Technology 06/01/2020

How to back up Splunk Indexer Clusters

What’s the big problem?

Anyone familiar with Splunk Indexer clusters will have wrestled with this boring but essential challenge – how do you back the data up off Indexers without lots of duplication?

You could use the “cold to frozen” script approach to send the buckets somewhere when it finally ages out, but say you want to back up data that’s still in Splunk? Say, when data is no longer than a day old?

One of the benefits of an indexer cluster is replication. You can ask it to store one or more searchable (or unsearchable) replicas within the site it arrived in and also in remote sites. This has resilience and performance benefits, but obviously creates replicas of data. We wanted to find a way of backing it up while a) removing bucket duplication and b) any other space efficiencies we could without losing any raw data.

Here is an example configuration for replication settings (set in server.conf on your cluster master)

[clustering]
mode = master
multisite=true
available_sites=site1,site2
site_replication_factor = origin:1,site1:1,site2:1,total:2
site_search_factor = origin:1,site1:1,site2:1,total:2

The above would suit a 2 site cluster, and requires there to be one searchable replica in each site, with a total of 2 searchable replicas (irrelevant of the number of indexers in each site).

If an indexer reboots or crashes, replication targets require the other indexers in the same site to re-create/re-acquire the now-missing buckets. The buckets that were available on the missing indexer are replicated to the remaining indexers (providing there is disk space) until replication targets are met once again. When you restore the missing indexer to service, you then have surplus replicas of data in that site and you may go and remove the surplus buckets.

Furthermore, for our environment new data and their replicas are being written into a (hot) filesystem on fast storage. We use Splunk’s “volume” configuration, which moves the oldest ‘hot’ buckets within the hot volume to a different (cold) filesystem on slower storage. Data moves from hot to cold as it gets older.

To summarise, the set of buckets on each filesystem of each indexer indexer is pretty volatile, data is moving around on the hosts themselves (the hot->cold cycle) and from host to host (bucket replications in from the other nodes in the cluster).

What we used to do

When we tackled this problem we had 2 sites and 3 indexers in each site. Our replication targets were as above – “one searchable replica per site”, so for every bucket, there’s a searchable replica of it in the other site. This is about the simplest case you can have, and if you configure more replicas of buckets, data volatility only gets more severe.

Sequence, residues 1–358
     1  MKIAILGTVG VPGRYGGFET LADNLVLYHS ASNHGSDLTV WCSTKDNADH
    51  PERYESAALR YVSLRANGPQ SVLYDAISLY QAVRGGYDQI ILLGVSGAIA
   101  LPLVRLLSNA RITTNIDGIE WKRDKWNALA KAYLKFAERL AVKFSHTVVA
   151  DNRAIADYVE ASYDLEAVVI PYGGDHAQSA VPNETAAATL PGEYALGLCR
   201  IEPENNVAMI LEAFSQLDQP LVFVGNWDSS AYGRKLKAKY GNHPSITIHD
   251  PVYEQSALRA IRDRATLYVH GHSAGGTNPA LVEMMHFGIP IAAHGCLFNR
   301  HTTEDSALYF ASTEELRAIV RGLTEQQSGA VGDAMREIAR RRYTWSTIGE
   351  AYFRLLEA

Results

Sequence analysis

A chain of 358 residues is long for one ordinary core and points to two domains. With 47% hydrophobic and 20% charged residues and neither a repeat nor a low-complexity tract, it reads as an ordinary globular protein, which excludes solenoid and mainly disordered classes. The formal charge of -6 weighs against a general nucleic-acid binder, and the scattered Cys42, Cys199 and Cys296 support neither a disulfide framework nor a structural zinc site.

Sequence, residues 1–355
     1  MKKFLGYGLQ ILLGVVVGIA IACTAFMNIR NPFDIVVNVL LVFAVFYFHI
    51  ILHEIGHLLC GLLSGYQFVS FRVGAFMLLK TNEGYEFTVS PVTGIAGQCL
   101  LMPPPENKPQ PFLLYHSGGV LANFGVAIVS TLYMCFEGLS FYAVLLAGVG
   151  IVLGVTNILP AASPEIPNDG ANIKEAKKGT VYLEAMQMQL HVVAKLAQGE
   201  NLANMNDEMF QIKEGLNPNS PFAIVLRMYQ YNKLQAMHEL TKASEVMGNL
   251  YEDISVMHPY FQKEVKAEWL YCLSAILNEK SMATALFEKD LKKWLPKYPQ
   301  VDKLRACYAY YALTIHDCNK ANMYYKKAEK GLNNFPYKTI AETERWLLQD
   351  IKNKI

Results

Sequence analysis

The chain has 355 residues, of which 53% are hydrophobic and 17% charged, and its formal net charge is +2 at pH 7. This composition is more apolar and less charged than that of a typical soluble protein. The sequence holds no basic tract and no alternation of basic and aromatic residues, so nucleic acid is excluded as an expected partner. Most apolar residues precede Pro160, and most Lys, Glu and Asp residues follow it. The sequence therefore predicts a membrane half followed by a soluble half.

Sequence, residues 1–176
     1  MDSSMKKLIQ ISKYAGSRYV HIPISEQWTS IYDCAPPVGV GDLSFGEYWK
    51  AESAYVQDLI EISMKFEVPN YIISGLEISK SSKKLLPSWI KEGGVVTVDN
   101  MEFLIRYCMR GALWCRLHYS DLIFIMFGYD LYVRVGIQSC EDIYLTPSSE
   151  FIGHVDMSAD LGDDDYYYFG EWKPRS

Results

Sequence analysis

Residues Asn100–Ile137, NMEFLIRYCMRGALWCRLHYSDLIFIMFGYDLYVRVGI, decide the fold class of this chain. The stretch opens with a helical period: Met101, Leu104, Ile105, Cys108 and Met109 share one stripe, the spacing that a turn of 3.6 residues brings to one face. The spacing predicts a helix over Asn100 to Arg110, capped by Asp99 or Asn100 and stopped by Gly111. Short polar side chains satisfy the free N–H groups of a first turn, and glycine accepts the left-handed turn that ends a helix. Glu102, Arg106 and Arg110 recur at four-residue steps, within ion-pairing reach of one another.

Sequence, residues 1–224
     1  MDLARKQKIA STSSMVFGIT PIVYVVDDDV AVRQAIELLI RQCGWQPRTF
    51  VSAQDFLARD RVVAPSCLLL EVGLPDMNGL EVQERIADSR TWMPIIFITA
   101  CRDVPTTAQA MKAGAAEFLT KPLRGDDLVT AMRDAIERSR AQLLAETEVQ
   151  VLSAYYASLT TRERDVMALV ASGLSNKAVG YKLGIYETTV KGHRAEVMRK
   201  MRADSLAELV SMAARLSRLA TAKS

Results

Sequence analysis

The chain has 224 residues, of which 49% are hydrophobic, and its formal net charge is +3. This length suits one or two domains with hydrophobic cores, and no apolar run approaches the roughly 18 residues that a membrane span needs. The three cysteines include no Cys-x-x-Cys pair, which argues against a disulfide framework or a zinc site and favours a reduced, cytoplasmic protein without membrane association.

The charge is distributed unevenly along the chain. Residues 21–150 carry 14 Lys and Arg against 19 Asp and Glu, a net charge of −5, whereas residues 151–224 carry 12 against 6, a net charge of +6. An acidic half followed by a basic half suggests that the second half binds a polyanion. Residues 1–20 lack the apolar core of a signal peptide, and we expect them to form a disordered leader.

Our old backup strategy was to rsync all hot and cold filesystems off each indexer (3 (indexers) * 2 (filesystems) * 2 (sites) = 12 filesystems to 12 directories (indexer:/hot, indexer:/cold * 6) on NAS Storage). What with all the data moving around, we invariably end up with duplicates of data being backed up, many times more than the data we actually have stored in the indexers. Everything in the hot/warm filesystems inevitably gets moved to the cold filesystems. We had some thinning scripts looking for duplicates but it’s hard to do this safely.

Thinning measures

We’d also worked out that we could fully recover (think ‘fsck’ or ‘rebuild’) individual buckets from just the journal.gz file alone. This process allowed us to simply capture the journal.gz file for each bucket, and if we needed to, we could get all that raw data searchable again – given enough disk space for the expanded/rebuilt buckets and some time to rebuild all the buckets.

Splunk process for this: Available here

Also, restored buckets can be put in any index (i.e something built-in like “main”, rather than the name of the index it was originally written into), and also onto any indexer. Splunk isn’t too fussy here, if it’s a valid bucket in an index directory, it can search it.

Data in our indexes will inevitably get expired due to age constraints, but we wanted a record of all data that had ever passed through our indexes. We also decided that we would not attempt to backup data models or summary indexes as these can both largely be regenerated from the raw data if required (this assumes you’re actually indexing all your key temporal data, as opposed to using non temporal storage such as databases or lookups).

Bucket names

Splunk Ref: Available here

If you consider each bucket on each indexer to be a segment of time within each index, then the name of each warm/cold bucket has a useful encoding in it:

<db|rb>_<NewestTime>_<OldestTime>_<Seq>_<GUID>